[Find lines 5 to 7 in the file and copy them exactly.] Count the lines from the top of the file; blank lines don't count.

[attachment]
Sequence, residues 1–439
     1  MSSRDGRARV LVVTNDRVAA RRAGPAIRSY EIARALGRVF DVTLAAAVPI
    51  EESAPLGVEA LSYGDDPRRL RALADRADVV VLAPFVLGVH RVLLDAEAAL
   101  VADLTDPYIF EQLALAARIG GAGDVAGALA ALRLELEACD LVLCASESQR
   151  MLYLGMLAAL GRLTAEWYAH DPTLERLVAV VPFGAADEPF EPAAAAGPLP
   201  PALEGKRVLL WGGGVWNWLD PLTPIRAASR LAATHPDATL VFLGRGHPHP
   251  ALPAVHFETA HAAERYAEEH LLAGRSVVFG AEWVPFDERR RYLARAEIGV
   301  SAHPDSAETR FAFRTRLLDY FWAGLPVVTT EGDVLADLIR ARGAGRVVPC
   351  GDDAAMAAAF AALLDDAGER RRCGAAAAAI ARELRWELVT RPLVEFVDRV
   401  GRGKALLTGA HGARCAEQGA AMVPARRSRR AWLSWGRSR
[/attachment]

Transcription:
   151  MLYLGMLAAL GRLTAEWYAH DPTLERLVAV VPFGAADEPF EPAAAAGPLP
   201  PALEGKRVLL WGGGVWNWLD PLTPIRAASR LAATHPDATL VFLGRGHPHP
   251  ALPAVHFETA HAAERYAEEH LLAGRSVVFG AEWVPFDERR RYLARAEIGV